What I Said to the Great Blue Heron When He Asked Why I Did Not Leave
But I haven’t witnessed the magnificence of a frigatebird, its long forked tail,
its red hidden pouch, its mighty black wings over the Gulf.
But the partridge pea like the bull thistle glows for no one else, only the sea.
But the snow goose, grinning, descends in a beach snow over the wild dunes.
But the pelican, like so many of us, will rattle himself silly, slamming his face
for a fish in the lagoon, and he’ll do so recurrently, with ardor and honesty,
over a lifetime.
But the plover is small, a sandy moth dancing in the mudflats
among the sea flies and bulrush.
But I haven’t listened enough to the sounds of the refrain, and my boots
have not shed their muds, for I don’t want to take away the soil,
never knowing if it will ever make its way back.
But the cattle egret is a golden life as much as she is white.
But the promise, the promise...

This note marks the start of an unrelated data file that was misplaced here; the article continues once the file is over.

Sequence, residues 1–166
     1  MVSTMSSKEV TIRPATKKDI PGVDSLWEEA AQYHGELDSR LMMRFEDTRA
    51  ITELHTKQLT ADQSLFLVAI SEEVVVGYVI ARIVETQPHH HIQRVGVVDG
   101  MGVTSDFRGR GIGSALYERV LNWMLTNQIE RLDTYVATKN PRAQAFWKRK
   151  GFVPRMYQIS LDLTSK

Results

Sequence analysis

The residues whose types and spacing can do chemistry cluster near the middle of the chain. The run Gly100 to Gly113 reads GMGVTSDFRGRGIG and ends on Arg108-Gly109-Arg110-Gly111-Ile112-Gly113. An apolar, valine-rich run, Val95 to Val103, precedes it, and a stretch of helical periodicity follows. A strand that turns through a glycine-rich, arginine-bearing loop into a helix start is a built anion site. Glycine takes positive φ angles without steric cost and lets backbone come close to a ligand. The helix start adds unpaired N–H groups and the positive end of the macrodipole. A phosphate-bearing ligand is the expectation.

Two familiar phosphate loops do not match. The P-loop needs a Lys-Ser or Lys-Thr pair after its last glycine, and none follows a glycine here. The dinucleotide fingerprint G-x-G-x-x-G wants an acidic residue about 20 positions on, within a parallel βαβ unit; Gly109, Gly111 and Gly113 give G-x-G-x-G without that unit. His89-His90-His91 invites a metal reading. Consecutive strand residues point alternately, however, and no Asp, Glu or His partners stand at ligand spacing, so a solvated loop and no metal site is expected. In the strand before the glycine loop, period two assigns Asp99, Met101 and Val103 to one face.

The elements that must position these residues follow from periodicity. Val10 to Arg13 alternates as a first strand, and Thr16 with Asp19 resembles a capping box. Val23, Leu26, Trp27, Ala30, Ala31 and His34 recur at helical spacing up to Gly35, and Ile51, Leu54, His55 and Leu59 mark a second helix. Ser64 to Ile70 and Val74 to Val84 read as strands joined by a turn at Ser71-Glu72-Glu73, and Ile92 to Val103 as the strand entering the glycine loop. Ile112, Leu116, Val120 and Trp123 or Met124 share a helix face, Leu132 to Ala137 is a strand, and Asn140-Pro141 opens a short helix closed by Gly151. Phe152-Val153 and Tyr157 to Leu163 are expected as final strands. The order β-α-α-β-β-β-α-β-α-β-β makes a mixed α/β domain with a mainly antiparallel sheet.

But when I was a boy, seven or eight, I stood once on a boat, away from the other boys,
watching a crane, his black face and yellow eye stabbing into a crab,
and I knew in my bones that I could do this, too.
But I am less timid now, less willing to walk into the dunes.
But the sea is everything I have learned to love in myself, the whole sea, the whole man
immersed in the darkness, the tides.
But I am alone more than ever before.
But my words in my own hidden pouch, dancing
among the mudflats, the sea flies, the ghost crab.
But I am a man still learning how and what to forgive.
from The Possibilities of Mud
© Joe Jiménez, 2014